The U.S. issuance of paper money is unconstitutional

The Federal Constitutional Convention rejected language that would have permitted paper money.

“[Paper money] as alarming as the mark of the Beast in Revelations.” Delegate Read.

Here’s the proof from the Records of the Federal Convention, where the delegates, on motion of delegate Gov’r Morris, struck the words “and emit bills of credit” from what became Article 1, Section 8, CL. 2. As originally proposed the language was “The Congress shall have power . . . to borrow money and emit bills of credit on the credit of the United States. Thus the clause ultimately became: “The Congress shall have power to borrow money and emit bills of credit on the credit of the United States.”

Bills of credit were thought by the framers as the equivalent of “paper money”. Read the following debate of August 16, 1787.


“It was moved and seconded to strike the words “and emit bills” out of the 8. clause of the 1 section of the 7 article” which passed in the affirmative. [Ayes — 9; noes — 2.]


Mr. Govr Morris moved to strike out “and emit bills on the credit of the U. States”12 — If the United States had credit such bills would be unnecessary: if they had not unjust & useless.

Mr Butler, 2ds. the motion.

Mr. Madison, will it not be sufficient to prohibit the making them a tender? This will remove the temptation to emit them with unjust views. And promissory notes in that shape may in some emergencies be best.

Mr. Govr. Morris. striking out the words will leave room still for notes of a responsible minister which will do all the good without the mischief. The Monied interest will oppose the plan of Government, if paper emissions be not prohibited.

Mr. Ghorum was for striking out, without inserting any prohibition. if the words stand they may suggest and lead to the measure.

Col Mason had doubts on the subject. Congs. he thought would not have the power unless it were expressed. Though he had a mortal hatred to paper money, yet as he could not foresee all emergences, he was unwilling to tie the hands of the Legislature. He observed that the late war could not have been carried on, had such a prohibition existed.

Mr. Ghorum- The power as far as it will be necessary or safe, is involved in that of borrowing.

Mr Mercer was a friend to paper money, though in the present state & temper of America, he should neither propose nor approve of such a measure. He was consequently opposed to a prohibition of it altogether. It will stamp suspicion on the Government to deny it a discretion on this point. It was impolitic also to excite the opposition of all those who were friends to paper money. The people of property would be sure to be on the side of the plan, and it was impolitic to purchase their further attachment with the loss of the opposite class of Citizens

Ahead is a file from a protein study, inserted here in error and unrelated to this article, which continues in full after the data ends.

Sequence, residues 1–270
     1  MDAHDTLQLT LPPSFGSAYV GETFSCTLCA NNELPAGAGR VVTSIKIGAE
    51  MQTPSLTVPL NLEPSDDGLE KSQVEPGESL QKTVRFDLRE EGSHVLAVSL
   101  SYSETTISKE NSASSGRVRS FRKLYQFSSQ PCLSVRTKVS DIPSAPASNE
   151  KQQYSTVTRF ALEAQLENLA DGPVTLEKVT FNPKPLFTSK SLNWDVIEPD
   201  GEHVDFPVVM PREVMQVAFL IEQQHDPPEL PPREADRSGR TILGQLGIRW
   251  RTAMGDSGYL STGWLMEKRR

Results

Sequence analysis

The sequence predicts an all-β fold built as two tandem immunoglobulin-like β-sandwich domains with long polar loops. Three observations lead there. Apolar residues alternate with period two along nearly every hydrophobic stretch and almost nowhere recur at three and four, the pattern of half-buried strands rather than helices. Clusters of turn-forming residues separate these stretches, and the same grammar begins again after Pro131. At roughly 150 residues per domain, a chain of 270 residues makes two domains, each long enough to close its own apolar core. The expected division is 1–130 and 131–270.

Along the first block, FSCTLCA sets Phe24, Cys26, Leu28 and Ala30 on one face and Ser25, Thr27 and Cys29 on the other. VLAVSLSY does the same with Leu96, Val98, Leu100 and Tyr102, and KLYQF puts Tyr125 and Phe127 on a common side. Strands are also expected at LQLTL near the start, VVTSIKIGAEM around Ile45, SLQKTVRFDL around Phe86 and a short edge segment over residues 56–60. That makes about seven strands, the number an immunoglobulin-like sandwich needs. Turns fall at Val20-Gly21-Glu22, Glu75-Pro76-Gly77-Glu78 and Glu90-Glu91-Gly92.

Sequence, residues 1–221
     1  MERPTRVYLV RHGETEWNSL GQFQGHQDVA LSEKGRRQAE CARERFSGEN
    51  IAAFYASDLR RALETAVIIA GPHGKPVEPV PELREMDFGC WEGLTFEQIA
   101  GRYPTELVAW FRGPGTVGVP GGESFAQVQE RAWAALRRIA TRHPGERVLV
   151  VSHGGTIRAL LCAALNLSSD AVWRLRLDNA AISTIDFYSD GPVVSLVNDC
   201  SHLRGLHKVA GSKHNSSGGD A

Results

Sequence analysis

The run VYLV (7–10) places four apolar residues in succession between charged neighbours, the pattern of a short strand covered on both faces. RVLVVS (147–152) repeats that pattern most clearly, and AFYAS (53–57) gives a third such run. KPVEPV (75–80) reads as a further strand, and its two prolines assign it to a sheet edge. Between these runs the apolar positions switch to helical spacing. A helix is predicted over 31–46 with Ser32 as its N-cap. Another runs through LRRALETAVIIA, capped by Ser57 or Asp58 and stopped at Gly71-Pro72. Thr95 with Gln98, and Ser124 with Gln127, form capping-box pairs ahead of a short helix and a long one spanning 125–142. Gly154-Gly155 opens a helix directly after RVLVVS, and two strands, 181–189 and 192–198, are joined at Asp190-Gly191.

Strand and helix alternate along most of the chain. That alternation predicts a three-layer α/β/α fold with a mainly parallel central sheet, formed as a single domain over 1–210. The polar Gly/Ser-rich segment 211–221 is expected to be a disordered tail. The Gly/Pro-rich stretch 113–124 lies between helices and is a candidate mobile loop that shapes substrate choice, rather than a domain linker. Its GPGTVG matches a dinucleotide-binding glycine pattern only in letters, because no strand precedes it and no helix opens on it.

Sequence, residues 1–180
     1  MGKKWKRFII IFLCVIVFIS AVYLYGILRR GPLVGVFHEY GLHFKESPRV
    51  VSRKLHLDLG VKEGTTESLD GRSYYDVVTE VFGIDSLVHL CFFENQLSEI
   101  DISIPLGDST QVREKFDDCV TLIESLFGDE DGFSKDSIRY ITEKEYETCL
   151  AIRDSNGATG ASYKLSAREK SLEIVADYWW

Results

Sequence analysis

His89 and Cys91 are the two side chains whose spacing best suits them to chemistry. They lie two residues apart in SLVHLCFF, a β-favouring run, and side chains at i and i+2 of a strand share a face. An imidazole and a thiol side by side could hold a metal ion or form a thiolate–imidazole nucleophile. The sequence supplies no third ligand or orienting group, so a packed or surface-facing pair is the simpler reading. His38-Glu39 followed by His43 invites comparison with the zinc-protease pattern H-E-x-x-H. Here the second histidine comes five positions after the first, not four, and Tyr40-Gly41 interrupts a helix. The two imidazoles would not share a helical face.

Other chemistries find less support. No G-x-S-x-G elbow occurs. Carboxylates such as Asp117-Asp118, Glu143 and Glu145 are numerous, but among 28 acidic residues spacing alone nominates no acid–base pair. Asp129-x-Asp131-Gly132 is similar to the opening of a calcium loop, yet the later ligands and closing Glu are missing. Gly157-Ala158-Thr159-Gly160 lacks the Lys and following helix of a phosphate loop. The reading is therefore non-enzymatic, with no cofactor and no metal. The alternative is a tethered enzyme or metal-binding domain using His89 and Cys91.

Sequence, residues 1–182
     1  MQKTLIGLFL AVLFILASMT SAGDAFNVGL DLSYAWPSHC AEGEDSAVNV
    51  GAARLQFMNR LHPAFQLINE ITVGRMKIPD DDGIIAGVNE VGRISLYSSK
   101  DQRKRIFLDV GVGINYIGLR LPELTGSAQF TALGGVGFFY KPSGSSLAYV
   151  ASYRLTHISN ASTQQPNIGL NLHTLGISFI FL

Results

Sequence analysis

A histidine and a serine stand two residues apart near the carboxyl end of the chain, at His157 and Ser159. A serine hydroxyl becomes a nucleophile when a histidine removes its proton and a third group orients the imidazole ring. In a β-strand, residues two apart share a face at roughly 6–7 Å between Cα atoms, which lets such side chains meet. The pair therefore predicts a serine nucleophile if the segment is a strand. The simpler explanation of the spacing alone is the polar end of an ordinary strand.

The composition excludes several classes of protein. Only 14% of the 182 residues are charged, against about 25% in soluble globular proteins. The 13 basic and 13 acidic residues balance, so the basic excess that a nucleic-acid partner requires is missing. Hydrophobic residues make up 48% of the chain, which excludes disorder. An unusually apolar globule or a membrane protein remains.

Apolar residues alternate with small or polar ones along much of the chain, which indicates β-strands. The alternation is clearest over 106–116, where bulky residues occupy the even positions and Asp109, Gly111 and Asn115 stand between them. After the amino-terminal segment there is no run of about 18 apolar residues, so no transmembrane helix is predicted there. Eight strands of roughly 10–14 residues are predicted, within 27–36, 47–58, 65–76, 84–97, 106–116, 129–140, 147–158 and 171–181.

Mr. Elseworth thought this a favorable moment to shut and bar the door against paper money. The mischiefs of the various experiments which had been made, were now fresh in the public mind and had excited the disgust of all the respectable part of America. By withholding the power from the new Governt. more friends of influence would be gained to it than by almost any thing else- Paper money can in no case be necessary- Give the Government credit, and other resources will offer- The power may do harm, never good.

Mr. Randolph, nothwithstanding his antipathy to paper money, could not agree to strike out the words, as he could not foresee all the occasions that might arise.

Mr Wilson. It will have a most salutary influence on the credit of the U. States to remove the possibility of paper money. This expedient can never succeed whilst its mischiefs are remembered. And as long as it can be resorted to, it will be a bar to other resources.

Mr. Butler. remarked that paper was a legal tender in no Country in Europe. He was urgent for disarming the Government of such a power.

Mr Mason was still averse to tying the hands of the Legislature altogether. If there was no example in Europe as just remarked it might be observed on the other side, that there was none in which the Government was restrained on this head.

Mr. Read, thought the words, if not struck out, would be as alarming as the mark of the Beast in Revelations.

Mr. Langdon had rather reject the whole plan than retain the three words “(and emit bills”)

On the motion for striking out

N. H. ay- Mas. ay. Ct. ay. N-J. no. Pa. ay. Del. ay. Md. no. Va. ay.* N. C- ay. S. C. ay. Geo. ay. [Ayes — 9; noes — 2.] [1]

Founding Father Quote: James Madison in FEDERALIST 44: “The extension of the prohibition to bills of credit must give pleasure to every citizen, in proportion to his love of justice and his knowledge of the true springs of public prosperity. The loss which America has sustained since the peace, from the pestilent effects of paper money on the necessary confidence between man and man, on the necessary confidence in the public councils, on the industry and morals of the people, and on the character of republican government . . . .”

Madison here was speaking of the prohibition against paper money issued by the states (Article 1, Section 10), but his commentary and the debate above show that the U.S. government has not the power to issue paper.

[1] Max Farrand, The Records of the Federal Convention of 1787, ed. Max Farrand (New Haven: Yale University Press, 1911). Vol. 2. Chapter: THURSDAY, AUGUST 16, 1787. Accessed from on 2011-07-20 @

Cross reference:

Published in: on March 25, 2012 at 1:53 pm  Leave a Comment  

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